FHS | Rein Length
Rein Length
November 14th, 2018

Horse Bolting

There are two distinct schools of thought in determining the correct rein length. Some people will say you should ride with a short rein until your horse earns the right to have a long rein. Others will tell you to ride with a long rein until you have earned the right to ride with a short rein. The difference between these schools of thought is that one is thinking about preserving the horse and the other is thinking about preserving the rider.

I personally believe that every time we get on the back of a horse we should be grateful that the horse allows us to be there. Instead of getting on and taking charge as if a horse is a beast that needs to be tamed, I think that you should be kind and give your horse the benefit of the doubt.

The problem with this approach is that you are at a significant disadvantage if your horse decides to act a fool. With a long rein you have a longer response time and it will be more challenging to get a difficult situation under control.

This is one of the reasons I always advocate for groundwork before you ride. If you take the time to do your groundwork you know whether your horse is going to be okay for you to get on or not. If you know your horse is going to be difficult, then maybe you shouldn’t get on. Get your horse to a good place so that when you do get on you can be the kind and respectful rider you would like to be.

I don’t have much respect for the people that don’t bother with their groundwork and then feel the need to hang on their horses’ mouth as soon as they throw their leg over. That might sound harsh, but hanging on your horse’s mouth causes pain and discomfort to the horse. If you don’t care enough to try to prevent that situation, then maybe you don’t deserve a horse.

Of course if you get on and your horse starts to get worried about something, I understand why a rider might want to shorten their rein and have more control. The fact is, a shorter rein provides the rider comfort. The rider feels more secure and in control of the situation. This might help prevent the horse from panicking because the rider doesn’t panic.

However, shortening your reins puts more pressure on the horse. A horse that is already uncomfortable might be close to his threshold of pressure. Your shorter reins might in fact be what caused the horse to no longer be able to hold himself together.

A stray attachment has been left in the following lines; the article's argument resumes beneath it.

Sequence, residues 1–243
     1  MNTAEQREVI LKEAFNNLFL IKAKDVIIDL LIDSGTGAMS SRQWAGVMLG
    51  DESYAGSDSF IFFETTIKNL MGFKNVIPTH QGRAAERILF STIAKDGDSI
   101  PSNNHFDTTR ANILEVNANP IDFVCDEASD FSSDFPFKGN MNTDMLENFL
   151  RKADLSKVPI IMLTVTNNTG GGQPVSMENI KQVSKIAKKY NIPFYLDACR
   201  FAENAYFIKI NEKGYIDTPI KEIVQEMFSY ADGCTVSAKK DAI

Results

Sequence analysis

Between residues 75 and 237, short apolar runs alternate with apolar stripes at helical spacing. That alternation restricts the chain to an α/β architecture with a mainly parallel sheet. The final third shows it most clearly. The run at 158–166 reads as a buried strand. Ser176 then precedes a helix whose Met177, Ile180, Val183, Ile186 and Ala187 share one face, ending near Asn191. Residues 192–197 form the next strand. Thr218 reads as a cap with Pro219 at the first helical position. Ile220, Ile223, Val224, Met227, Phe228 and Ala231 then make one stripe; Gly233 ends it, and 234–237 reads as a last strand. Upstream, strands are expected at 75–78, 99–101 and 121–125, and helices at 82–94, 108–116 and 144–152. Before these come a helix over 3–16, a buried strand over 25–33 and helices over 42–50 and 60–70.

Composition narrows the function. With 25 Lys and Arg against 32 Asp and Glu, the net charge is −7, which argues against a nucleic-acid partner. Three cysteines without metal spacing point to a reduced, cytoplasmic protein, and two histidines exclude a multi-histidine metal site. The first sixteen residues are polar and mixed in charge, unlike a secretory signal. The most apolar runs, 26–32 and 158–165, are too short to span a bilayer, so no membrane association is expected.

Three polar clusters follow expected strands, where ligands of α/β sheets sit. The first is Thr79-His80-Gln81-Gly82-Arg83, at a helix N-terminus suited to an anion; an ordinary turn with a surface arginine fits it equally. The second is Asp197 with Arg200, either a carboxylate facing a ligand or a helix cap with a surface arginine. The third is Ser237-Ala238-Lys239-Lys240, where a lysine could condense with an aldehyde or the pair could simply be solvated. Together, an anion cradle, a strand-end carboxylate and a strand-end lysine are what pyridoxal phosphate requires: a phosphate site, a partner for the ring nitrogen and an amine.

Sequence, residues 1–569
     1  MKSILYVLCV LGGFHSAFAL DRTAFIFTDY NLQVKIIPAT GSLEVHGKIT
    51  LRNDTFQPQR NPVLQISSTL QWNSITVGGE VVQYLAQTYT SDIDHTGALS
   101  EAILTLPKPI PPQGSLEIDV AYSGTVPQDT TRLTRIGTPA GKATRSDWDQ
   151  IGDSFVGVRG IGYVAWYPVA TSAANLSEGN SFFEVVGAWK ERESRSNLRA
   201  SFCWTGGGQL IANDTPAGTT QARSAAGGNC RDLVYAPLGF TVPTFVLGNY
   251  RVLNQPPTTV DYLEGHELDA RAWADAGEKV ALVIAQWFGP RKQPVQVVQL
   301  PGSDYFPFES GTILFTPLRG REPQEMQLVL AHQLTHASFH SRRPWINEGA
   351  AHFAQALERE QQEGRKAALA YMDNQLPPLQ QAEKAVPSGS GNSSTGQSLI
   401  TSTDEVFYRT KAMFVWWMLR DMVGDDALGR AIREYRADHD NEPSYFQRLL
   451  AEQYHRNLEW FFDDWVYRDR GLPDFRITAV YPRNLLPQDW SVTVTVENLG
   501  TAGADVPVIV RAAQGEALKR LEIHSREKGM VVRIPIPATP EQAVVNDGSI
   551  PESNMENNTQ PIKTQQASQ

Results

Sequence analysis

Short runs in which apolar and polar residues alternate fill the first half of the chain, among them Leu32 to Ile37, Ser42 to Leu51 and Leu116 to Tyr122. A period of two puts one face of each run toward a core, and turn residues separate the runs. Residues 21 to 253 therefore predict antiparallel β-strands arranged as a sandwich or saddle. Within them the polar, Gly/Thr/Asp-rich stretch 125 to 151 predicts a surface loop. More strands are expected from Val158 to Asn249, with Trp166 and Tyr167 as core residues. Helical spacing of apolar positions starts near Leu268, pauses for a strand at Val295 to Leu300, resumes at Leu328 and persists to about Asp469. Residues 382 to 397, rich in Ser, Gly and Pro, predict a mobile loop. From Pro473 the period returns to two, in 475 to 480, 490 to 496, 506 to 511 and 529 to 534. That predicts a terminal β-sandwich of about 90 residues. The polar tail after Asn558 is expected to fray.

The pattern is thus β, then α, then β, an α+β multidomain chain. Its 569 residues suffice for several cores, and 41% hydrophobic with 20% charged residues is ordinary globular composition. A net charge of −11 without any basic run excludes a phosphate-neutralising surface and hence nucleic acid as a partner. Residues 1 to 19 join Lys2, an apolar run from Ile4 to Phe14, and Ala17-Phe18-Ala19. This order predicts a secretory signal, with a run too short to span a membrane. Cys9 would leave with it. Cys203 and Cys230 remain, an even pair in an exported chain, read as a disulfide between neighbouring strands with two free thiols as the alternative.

Put this way, more riders understand the value of riding with a longer rein. Having a light contact with loose, free elbows encourages the horse to in turn loosen his back and neck. This release of tension aids in relaxation and suppleness.

Over time a horse that previously contracted all of his muscles in anticipation of a rider’s harsh hands can learn to stay light and responsive when ridden with a long rein.

As you can tell, I stand squarely in the long rein camp. I believe that you should always start a ride on a long rein no matter how green or well-schooled the horse and rider are.

Once the rider is advanced enough to have a soft following hand and the horse has been properly warmed up, then the rider may pick up a contact.

If the horse isn’t trustworthy and the rider is green then riding should be limited to controlled situations where the horse is comfortable and relaxed. This allows the rider to stay relatively safe with a long rein until the rider’s hands are better developed. The longer rein serves as a buffer to protect the horse’s sensitive mouth from the rider.

An advanced rider on an untrustworthy horse can begin the ride with a contact wherever the horse is. If the horse is stretching down, the rider will have a long rein. If the horse is short necked and tense as most untrustworthy horses are, then the reins would be shorter. With this contact the rider could flex and supple the horse as needed. As the ride progressed the rider’s reins would get longer as the horse relaxed and began to stretch down.

However, even this is an imperfect situation. Ideally the rider would have gotten the horse to a place where he was relaxed and able to stretch down before mounting. The start to the ride sets the tone for the rest of the ride. You always want to start in a place that is relaxed and comfortable for the horse, which includes a long and low warm up on a long rein.

Although I see why people say you should ride with a short rein until the horse has earned a long rein, I don’t think this is good advice. I understand that this comes from a concern for the rider’s safety, but I think there are plenty of precautions that can be taken to eliminate this concern. A longer rein provides comfort for the horse and allows for mistakes from the rider, which leads to a better ride. It allows the horse to warm up and begin a ride relaxed and ready for work. As an advocate for the horse, I will always fight for a longer rein.